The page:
Interview with Monte Cook!!!!!

Firstly thank you for making a geek’s dream come true. I truly appreciate you taking the time to talk with us, especially with your busy schedule.

Thanks for asking!Could you please tell us about yourself: age, hobbies outside gaming, so on?I’m 44. I live in Seattle. Besides gaming, I really enjoy writing fiction, reading, travel, music, and movies. I also am really into Legos! So, I’m a big geek.

How did you initially get into playing RPGs?I heard about roleplaying games when I was about ten years old, in Sunday school of all places. Two brothers were talking about a map on graph paper, traps, monsters, and a magical crown. I had no idea what they were talking about, but I knew I wanted in.What was the first gaming system you played in? Can you remember anything about your First Character?D&D (the original, small booklets from 1974) was the first game I played. It wasn’t until a year or two later that I actually owned any rpg products, the first being the just-released AD&D DMG. My first character was a fighter, and I don’t remember much about him. Later, though, I remember having a
ranger named Thad the Brave.Do you get to play in a campaign, how often do you play? When you do, what system do you normally play?Until just a couple of weeks ago, I was in a play test for the new, upcoming edition of D&D. Before that, I was running a variation on 3rd edition with a lot of house rules (most of which appear in the books The Book of Experimental Might I and II) for a few years.

What is your favorite character you have played, could you tell us something about them?

That would probably be Malhavoc, a D&D wizard/cleric that I played long, long ago. He was an evil character that redeemed himself in the end.

Mostly, though, I don’t play much. I run games instead. I’d say I’m the GM about 98% of the time when I play an rpg.Do you have any funny gaming moments?

Sure. Thousands. I think everyone does. One time, a paladin vain about his appearance was on a quest to bring a villain named Helmut Itlestein to justice. He followed him into this otherworldly realm where an evil demigod lived. The demigod told the paladin that the man was dead. The paladin demanded proof to take back with him. So the demigod burned the words “Helmut Itlestein is dead” onto the paladin’s beautiful face.

I can be a mean DM.

Do you have any gaming superstitions?

Not really. I’m not touchy or particular about dice or sheets or anything.

Considering all of the items you’ve published throughout the years, what is the one thing you’re most proud of?

That’s really hard. I suppose it might be the campaign setting, Ptolus, just because it came out so wonderfully. It’s beautiful, it’s a feat of game design and editing (it takes a lot of broad steps forward in how a product can be presented), and I’m still quite in love with the content.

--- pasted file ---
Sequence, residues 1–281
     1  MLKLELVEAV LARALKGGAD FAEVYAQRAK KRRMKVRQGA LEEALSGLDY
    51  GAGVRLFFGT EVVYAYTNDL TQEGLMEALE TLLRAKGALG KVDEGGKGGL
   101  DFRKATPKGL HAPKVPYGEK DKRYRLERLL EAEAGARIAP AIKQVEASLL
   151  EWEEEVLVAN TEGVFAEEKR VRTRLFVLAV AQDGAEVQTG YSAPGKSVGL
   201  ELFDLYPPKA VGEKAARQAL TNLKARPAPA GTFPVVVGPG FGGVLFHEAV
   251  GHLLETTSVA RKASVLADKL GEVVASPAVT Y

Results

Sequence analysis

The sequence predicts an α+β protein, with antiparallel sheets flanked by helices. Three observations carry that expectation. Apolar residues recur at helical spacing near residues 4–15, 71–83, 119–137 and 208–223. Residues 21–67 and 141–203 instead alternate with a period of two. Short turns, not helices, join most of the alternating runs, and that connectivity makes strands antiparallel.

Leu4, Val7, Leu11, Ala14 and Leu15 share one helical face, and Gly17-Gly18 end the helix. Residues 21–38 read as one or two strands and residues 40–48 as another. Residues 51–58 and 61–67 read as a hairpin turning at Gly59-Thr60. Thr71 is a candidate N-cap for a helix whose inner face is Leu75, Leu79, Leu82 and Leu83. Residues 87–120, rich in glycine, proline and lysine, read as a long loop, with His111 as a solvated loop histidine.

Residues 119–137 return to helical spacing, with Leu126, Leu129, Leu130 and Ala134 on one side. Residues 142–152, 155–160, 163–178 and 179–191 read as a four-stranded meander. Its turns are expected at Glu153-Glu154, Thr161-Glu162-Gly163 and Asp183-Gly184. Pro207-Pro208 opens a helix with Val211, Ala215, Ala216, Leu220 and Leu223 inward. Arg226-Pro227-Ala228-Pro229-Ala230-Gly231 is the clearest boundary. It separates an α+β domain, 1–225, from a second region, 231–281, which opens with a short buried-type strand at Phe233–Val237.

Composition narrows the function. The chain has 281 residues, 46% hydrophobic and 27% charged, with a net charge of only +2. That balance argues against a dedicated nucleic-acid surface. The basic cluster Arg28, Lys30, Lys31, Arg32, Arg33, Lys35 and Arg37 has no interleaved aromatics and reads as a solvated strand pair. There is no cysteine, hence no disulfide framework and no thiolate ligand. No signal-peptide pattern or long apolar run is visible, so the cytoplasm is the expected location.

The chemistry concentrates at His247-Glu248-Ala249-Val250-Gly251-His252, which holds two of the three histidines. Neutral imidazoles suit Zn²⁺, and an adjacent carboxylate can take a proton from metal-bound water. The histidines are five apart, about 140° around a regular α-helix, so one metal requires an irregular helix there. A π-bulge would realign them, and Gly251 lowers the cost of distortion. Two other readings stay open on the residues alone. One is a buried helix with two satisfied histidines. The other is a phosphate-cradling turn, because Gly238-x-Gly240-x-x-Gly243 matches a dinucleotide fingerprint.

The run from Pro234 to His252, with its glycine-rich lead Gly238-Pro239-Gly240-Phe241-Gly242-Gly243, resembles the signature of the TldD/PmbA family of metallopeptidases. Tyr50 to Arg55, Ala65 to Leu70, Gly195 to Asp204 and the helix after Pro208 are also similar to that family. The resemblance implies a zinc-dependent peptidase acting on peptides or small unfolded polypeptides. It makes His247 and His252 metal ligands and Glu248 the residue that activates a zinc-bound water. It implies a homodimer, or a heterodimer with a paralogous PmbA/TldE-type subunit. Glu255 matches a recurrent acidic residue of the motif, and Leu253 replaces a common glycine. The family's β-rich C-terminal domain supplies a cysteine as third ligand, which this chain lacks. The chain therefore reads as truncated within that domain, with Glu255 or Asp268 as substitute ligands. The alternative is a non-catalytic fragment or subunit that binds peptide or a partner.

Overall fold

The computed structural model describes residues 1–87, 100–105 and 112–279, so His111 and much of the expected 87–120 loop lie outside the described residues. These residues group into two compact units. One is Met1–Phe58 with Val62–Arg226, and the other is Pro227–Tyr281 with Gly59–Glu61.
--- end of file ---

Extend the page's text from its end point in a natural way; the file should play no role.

That said, D&D 3rd Edition made hundreds of thousands of people really happy for a lot of years, so I’m proud of that too.

What’s a typical day in the life of Monte in terms of preparing your own role playing campaign

I usually make a lot of chicken scratch notes that would make sense to no one but me. For NPCs, I’ll often just prepare the most important stats, or just take something out of a published source and change what I need to (sometimes on the fly). Basically, I often prepare the big stuff, and sometimes the cool descriptions of things (I’m a very visual person), and then pull together the details on the fly.

I try to make that kind of “on the fly” GMing as easy as possible, though, so I keep things like lists of cool names, books with cool art, and products with stat blocks, cool spells, monsters, and whatnot close at hand.What’s the secret to being a good GM outside of following the official materials?

The number one key is making sure everyone’s having fun. Sounds oversimplified, but if you do that, you’ll run a good game. Fun trumps rules, story, and anything else. And remember, “everyone” includes you, too.

What do you think of the changes the way the RPG industry is currently changing, and heading towards more digital products?

I think we going to see interesting melding of tabletop and digital over the next few years. But tabletop will always have value for its social components.

What’s next for you?I also am writing a lot of fiction. You’ll see some of my short fiction popping up in various places this year.

Do you have any other parting words for all of the gamers out there?

Worry less about what other people are doing in their games, and focus more on having fun in your own. Edition wars are so tired, and have done terrible damage to the game and the audience. If you love your Honda, but someone else drives a Ford, it doesn’t affect how you drive. It’s a game no one is going to win, no matter how pithy your criticism of someone else’s system might be. We’re all gamers, and we all love games.